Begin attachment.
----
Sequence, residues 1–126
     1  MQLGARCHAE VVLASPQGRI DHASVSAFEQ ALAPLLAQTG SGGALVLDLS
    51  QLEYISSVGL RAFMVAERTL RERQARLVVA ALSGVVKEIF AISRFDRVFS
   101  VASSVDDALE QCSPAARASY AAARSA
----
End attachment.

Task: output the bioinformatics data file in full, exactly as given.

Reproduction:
Sequence, residues 1–126
     1  MQLGARCHAE VVLASPQGRI DHASVSAFEQ ALAPLLAQTG SGGALVLDLS
    51  QLEYISSVGL RAFMVAERTL RERQARLVVA ALSGVVKEIF AISRFDRVFS
   101  VASSVDDALE QCSPAARASY AAARSA